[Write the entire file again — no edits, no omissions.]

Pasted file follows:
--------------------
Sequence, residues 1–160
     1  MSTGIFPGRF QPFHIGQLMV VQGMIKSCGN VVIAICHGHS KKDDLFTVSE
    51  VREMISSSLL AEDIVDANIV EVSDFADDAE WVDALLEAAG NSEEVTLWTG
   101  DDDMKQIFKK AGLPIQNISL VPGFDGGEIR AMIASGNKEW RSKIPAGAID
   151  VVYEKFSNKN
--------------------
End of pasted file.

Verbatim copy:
Sequence, residues 1–160
     1  MSTGIFPGRF QPFHIGQLMV VQGMIKSCGN VVIAICHGHS KKDDLFTVSE
    51  VREMISSSLL AEDIVDANIV EVSDFADDAE WVDALLEAAG NSEEVTLWTG
   101  DDDMKQIFKK AGLPIQNISL VPGFDGGEIR AMIASGNKEW RSKIPAGAID
   151  VVYEKFSNKN